LORD Lang of Monkton, a former secretary of state for Scotland, has become embroiled in a US class action over his role as a part-time director of Marsh & McLennan, the world’s largest insurance brokers, which has been accused of massive fraud.
Along with other directors, he is being accused of breaching his fiduciary duty to shareholders by leading New York law firm Goodkind Labaton Rudoff and Sucharow. The action alleges that the former Tory minister and other directors should have known that shares in the company were "an imprudent investment alternative" for Marsh employees.
It follows a collapse in shares of the company after New York’s attorney general Eliot Spitzer alleged his office’s review of documents from 2003 found that Marsh collected $800 million (431m) in improper contingent commissions - more than half of the $1.5 billion (907,000) in profit it reported - last year in return for business.
Other prominent UK politicians to have been hit by problems on the other side of the Atlantic have included the former Washington-based British Ambassador, Sir Christopher Meyer, who was a non-executive director of the American bank Riggs which was accused of money-laundering, and former Tory minister Lord Wakeham, who was on the board of collapsed energy giant Enron.
Lord Lang joined the Marsh group as a non-executive back in November 1997. A former MP for Galloway and Upper Nithsdale from 1979 to 1997, he was Scottish Secretary from 1990 to 1995 when he took over as trade and industry secretary until 1997.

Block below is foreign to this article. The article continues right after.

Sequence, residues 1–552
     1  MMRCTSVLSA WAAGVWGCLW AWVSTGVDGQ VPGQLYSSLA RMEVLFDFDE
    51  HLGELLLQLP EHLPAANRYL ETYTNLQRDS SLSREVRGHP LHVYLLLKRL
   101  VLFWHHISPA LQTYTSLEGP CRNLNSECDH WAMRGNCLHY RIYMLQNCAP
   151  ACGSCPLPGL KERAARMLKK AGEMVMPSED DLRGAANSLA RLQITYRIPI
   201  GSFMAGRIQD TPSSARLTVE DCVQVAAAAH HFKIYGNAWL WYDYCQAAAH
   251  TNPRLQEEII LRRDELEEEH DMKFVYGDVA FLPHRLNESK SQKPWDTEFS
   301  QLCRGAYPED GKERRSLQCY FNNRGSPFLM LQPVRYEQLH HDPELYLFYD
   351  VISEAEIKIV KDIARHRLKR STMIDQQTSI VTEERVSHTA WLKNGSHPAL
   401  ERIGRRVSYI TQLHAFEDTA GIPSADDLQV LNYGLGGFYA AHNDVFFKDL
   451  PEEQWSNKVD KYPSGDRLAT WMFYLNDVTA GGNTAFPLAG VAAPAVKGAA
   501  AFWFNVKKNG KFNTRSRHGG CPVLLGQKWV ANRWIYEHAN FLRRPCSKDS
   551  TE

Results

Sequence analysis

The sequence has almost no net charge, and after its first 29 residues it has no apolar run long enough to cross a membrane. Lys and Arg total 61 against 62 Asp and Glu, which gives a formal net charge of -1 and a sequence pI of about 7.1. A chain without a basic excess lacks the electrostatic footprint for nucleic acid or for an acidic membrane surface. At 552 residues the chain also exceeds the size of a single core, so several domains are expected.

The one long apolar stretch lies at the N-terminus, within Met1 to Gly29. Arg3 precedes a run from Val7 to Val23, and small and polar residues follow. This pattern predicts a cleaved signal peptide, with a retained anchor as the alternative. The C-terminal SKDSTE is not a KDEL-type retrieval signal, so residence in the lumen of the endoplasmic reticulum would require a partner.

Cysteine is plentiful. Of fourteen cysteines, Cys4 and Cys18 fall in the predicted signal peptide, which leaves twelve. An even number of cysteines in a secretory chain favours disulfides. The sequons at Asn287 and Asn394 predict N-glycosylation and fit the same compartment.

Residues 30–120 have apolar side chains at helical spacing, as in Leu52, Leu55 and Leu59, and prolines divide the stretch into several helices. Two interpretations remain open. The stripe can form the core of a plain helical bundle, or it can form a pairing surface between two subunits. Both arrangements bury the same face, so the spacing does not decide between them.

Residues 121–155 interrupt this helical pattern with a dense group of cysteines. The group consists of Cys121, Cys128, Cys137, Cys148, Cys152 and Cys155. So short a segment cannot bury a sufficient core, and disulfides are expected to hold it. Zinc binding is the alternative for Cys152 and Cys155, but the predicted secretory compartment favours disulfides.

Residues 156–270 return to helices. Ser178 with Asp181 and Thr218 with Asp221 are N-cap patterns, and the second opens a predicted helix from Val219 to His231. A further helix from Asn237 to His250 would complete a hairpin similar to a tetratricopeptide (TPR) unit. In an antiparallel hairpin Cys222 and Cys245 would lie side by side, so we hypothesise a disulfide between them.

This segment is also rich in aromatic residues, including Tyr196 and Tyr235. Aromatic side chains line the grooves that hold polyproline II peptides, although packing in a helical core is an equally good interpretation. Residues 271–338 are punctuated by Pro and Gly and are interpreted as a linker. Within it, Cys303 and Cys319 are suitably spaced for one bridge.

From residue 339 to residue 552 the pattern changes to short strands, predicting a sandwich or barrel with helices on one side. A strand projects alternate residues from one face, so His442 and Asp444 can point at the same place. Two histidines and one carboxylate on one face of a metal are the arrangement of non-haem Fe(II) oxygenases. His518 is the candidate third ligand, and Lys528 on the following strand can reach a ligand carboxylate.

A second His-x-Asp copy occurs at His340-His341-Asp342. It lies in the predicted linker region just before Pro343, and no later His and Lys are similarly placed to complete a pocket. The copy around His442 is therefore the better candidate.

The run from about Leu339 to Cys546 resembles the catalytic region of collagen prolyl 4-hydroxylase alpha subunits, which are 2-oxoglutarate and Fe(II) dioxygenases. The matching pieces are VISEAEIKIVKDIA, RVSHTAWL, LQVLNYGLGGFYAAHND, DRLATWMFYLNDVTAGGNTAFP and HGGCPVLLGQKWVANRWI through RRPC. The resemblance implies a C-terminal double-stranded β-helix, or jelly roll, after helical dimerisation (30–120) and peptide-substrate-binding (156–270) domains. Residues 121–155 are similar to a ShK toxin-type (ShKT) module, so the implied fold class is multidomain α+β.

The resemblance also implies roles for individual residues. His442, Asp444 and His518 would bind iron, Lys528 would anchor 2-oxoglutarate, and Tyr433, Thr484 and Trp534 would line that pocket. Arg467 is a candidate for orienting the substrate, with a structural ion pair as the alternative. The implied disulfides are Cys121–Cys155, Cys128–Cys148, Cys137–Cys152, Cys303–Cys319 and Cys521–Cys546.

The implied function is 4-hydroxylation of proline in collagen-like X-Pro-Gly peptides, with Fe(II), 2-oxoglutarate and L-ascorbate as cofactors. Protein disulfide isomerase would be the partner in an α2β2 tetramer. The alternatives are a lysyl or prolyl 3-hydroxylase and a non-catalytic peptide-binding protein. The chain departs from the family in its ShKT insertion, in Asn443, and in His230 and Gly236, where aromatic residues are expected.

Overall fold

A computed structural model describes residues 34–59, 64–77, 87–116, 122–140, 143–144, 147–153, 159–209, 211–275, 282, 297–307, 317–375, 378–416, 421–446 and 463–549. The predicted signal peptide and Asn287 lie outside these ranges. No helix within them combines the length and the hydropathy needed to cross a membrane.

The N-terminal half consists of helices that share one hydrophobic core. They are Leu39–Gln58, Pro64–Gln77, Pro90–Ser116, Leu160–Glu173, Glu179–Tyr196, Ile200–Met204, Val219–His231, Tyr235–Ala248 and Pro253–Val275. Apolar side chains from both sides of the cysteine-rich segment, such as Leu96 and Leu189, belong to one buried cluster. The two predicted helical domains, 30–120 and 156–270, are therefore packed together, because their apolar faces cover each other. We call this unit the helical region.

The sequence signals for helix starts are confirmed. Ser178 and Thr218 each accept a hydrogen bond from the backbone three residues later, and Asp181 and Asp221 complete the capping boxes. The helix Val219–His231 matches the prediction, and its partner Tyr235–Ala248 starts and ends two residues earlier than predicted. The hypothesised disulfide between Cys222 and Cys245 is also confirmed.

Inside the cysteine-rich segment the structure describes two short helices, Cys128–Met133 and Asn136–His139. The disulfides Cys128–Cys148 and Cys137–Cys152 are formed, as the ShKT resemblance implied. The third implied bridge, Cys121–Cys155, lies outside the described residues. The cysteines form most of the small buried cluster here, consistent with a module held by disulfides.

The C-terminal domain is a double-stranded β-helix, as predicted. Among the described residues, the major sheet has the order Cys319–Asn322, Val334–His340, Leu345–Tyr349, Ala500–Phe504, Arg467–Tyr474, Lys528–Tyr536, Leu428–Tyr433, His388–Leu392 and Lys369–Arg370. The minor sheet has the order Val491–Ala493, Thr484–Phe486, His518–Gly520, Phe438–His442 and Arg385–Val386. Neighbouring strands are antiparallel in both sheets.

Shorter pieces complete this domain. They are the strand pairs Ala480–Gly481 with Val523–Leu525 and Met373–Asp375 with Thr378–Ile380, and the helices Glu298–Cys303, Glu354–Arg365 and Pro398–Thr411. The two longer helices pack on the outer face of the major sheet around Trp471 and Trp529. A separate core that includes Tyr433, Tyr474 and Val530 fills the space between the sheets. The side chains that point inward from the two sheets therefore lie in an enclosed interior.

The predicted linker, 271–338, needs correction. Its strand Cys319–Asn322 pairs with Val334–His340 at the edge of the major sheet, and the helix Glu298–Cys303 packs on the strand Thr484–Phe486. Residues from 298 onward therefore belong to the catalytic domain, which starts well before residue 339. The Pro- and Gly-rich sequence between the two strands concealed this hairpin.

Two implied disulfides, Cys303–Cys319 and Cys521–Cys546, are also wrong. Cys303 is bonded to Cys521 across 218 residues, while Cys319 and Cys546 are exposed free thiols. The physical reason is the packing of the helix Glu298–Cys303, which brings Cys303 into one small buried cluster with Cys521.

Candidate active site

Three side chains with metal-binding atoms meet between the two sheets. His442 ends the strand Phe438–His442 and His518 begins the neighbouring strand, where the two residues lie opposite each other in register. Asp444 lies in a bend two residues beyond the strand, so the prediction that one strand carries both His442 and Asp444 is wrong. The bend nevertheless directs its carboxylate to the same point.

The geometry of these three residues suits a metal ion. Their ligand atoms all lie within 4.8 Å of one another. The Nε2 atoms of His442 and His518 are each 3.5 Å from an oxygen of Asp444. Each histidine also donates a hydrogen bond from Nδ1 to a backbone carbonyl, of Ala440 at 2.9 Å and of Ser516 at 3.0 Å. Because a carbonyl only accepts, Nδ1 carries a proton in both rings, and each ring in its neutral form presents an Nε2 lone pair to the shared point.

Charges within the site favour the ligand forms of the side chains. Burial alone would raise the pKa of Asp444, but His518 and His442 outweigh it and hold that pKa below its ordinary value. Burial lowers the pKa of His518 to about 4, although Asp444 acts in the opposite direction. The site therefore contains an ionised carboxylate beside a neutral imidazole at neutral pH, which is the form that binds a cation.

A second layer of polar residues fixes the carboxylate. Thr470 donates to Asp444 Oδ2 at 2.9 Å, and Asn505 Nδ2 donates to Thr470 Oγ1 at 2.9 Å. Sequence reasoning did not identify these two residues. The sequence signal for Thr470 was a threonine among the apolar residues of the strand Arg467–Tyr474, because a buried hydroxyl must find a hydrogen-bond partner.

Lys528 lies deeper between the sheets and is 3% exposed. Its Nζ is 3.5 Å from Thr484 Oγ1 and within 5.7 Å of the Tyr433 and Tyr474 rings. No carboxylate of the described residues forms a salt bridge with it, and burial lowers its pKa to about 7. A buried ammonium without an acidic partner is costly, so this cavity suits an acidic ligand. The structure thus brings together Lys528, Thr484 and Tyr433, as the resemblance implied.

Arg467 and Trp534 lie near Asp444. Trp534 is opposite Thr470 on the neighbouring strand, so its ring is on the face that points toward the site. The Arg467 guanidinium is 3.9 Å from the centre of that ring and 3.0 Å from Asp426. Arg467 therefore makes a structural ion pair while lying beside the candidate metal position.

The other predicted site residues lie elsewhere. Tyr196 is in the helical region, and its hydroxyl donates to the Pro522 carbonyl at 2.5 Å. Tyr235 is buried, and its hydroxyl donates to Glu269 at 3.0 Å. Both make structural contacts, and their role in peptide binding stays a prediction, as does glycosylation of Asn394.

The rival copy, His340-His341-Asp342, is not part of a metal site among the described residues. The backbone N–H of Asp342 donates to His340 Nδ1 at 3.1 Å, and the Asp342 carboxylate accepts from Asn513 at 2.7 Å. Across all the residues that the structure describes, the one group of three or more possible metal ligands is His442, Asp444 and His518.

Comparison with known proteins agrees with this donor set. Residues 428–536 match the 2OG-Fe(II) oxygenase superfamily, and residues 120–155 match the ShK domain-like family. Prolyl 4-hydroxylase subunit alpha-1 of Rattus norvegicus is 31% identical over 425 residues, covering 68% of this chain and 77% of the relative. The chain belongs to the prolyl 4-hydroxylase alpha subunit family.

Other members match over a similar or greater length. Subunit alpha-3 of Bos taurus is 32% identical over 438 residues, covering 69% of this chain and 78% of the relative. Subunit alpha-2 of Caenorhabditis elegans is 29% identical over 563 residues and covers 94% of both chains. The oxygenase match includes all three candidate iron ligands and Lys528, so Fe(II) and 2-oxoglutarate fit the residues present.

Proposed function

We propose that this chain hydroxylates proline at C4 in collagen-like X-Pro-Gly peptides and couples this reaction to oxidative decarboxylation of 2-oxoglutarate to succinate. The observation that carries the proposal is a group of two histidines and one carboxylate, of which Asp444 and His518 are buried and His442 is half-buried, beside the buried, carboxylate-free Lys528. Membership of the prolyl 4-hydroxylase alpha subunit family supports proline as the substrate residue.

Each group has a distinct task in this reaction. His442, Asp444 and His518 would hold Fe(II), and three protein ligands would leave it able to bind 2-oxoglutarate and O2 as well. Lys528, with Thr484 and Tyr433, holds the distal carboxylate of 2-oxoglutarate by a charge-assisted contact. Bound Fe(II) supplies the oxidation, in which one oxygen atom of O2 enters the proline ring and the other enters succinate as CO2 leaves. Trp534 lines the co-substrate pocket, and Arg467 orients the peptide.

Along with other non-executive directors of Marsh & McLennan, he recently announced that he had authorised a thorough independent review of all activities.
"We have full confidence in the company’s leaderships," the directors said in a statement yesterday.
"When the review has been concluded, the board will take all appropriate action in the interests of our shareholders, employees and clients."
Spitzer has a history of taking tough action on leading names on Wall Street - last year he was involved in a near 1bn settlement with top stock broking firms after allegations that their research was biased in favour of client companies ahead of the collapse of shares in a number of big internet companies.
Marsh & McLennan is now the world’s best-known as well as biggest insurance broker following its alleged involvement in the scandal. Last week, as legal dangers hung over it, trading was revealed as suffering badly as a result, with profits down 94 per cent in the past quarter. Marsh has also just announced that 3,000 of its workforce - one in ten of the total - are to lose their jobs.
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